Invasive Species Compendium

Detailed coverage of invasive species threatening livelihoods and the environment worldwide

Datasheet

Ipomoea hederifolia
(scarlet-creeper )

Toolbox

Datasheet

Ipomoea hederifolia (scarlet-creeper )

Summary

  • Last modified
  • 15 June 2020
  • Datasheet Type(s)
  • Invasive Species
  • Pest
  • Host Plant
  • Preferred Scientific Name
  • Ipomoea hederifolia
  • Preferred Common Name
  • scarlet-creeper
  • Taxonomic Tree
  • Domain: Eukaryota
  •   Kingdom: Plantae
  •     Phylum: Spermatophyta
  •       Subphylum: Angiospermae
  •         Class: Dicotyledonae
  • Summary of Invasiveness
  • Ipomoea hederifolia is an annual climbing vine species, native to the tropical and warm temperate parts of the Americas, which has been introduced to many parts of the world as an ornamental plant.  It has escaped from cultivation to beco...

Don't need the entire report?

Generate a print friendly version containing only the sections you need.

Generate report

Pictures

Top of page
PictureTitleCaptionCopyright
Ipomoea hederifolia (scarlet-creeper); flower. Jawahar, Uttar Pradesh, India. December 2009.
TitleFlower
CaptionIpomoea hederifolia (scarlet-creeper); flower. Jawahar, Uttar Pradesh, India. December 2009.
Copyright©Dinesh Valke/via flickr - CC BY-SA 2.0
Ipomoea hederifolia (scarlet-creeper); flower. Jawahar, Uttar Pradesh, India. December 2009.
FlowerIpomoea hederifolia (scarlet-creeper); flower. Jawahar, Uttar Pradesh, India. December 2009.©Dinesh Valke/via flickr - CC BY-SA 2.0
Ipomoea hederifolia (scarlet-creeper); flowering habit. Khargar Hills, Navi Mumbai, Maharashtra, India. November 2007.
TitleFlowering habit
CaptionIpomoea hederifolia (scarlet-creeper); flowering habit. Khargar Hills, Navi Mumbai, Maharashtra, India. November 2007.
Copyright©Dinesh Valke/via flickr - CC BY-SA 2.0
Ipomoea hederifolia (scarlet-creeper); flowering habit. Khargar Hills, Navi Mumbai, Maharashtra, India. November 2007.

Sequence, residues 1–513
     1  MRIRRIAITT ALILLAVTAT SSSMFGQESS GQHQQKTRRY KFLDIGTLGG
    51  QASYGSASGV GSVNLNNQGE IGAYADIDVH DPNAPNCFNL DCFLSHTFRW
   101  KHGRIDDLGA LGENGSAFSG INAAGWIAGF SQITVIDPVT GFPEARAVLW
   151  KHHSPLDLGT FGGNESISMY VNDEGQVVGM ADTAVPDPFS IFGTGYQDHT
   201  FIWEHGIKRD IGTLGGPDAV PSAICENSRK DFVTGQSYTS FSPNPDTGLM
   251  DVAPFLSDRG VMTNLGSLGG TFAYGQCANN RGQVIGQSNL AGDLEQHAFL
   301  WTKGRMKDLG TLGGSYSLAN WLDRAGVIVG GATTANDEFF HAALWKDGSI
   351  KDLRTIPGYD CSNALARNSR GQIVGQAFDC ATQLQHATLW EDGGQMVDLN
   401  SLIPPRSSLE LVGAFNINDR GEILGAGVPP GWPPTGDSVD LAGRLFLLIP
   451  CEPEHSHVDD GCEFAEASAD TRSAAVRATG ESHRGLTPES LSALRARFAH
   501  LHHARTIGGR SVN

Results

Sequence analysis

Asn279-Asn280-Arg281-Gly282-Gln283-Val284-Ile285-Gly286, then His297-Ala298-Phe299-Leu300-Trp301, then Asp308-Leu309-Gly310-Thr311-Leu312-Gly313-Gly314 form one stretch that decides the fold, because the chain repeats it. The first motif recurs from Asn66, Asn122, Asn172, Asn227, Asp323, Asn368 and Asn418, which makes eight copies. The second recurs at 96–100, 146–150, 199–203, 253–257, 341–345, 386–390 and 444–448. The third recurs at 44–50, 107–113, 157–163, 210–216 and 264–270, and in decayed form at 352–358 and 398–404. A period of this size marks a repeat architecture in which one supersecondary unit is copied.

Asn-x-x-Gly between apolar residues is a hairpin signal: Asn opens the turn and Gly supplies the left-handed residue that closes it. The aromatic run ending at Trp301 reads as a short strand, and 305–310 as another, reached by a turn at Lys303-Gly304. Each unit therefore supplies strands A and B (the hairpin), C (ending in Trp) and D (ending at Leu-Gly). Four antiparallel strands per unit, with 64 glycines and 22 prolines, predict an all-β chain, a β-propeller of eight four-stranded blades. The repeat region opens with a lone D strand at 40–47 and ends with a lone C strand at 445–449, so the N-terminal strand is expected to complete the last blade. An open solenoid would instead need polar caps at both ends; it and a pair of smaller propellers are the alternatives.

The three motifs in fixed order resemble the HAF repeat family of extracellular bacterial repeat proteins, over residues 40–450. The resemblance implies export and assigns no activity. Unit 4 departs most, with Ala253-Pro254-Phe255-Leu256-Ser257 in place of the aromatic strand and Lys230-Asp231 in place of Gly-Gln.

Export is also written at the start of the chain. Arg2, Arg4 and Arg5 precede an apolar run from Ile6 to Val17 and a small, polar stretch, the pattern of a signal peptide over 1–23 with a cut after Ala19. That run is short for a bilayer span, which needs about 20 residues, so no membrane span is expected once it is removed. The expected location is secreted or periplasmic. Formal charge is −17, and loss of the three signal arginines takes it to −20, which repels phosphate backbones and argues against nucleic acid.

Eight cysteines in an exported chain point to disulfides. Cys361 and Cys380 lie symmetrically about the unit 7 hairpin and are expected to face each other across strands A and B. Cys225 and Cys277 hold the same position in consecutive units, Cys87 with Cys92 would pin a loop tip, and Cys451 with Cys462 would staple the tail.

Flowering habitIpomoea hederifolia (scarlet-creeper); flowering habit. Khargar Hills, Navi Mumbai, Maharashtra, India. November 2007.©Dinesh Valke/via flickr - CC BY-SA 2.0
Ipomoea hederifolia (scarlet-creeper); flowering and scrambling habit. Khargar Hills, Navi Mumbai, Maharashtra, India. November 2007.
TitleFlowering habit
CaptionIpomoea hederifolia (scarlet-creeper); flowering and scrambling habit. Khargar Hills, Navi Mumbai, Maharashtra, India. November 2007.
Copyright©Dinesh Valke/via flickr - CC BY-SA 2.0
Ipomoea hederifolia (scarlet-creeper); flowering and scrambling habit. Khargar Hills, Navi Mumbai, Maharashtra, India. November 2007.
Flowering habitIpomoea hederifolia (scarlet-creeper); flowering and scrambling habit. Khargar Hills, Navi Mumbai, Maharashtra, India. November 2007.©Dinesh Valke/via flickr - CC BY-SA 2.0
Ipomoea hederifolia (scarlet-creeper); leaves and vines. Jawahar, Uttar Pradesh, India. December 2009.
TitleLeaves and vines
CaptionIpomoea hederifolia (scarlet-creeper); leaves and vines. Jawahar, Uttar Pradesh, India. December 2009.
Copyright©Dinesh Valke/via flickr - CC BY-SA 2.0
Ipomoea hederifolia (scarlet-creeper); leaves and vines. Jawahar, Uttar Pradesh, India. December 2009.
Leaves and vinesIpomoea hederifolia (scarlet-creeper); leaves and vines. Jawahar, Uttar Pradesh, India. December 2009.©Dinesh Valke/via flickr - CC BY-SA 2.0

Identity

Top of page

Preferred Scientific Name

  • Ipomoea hederifolia L.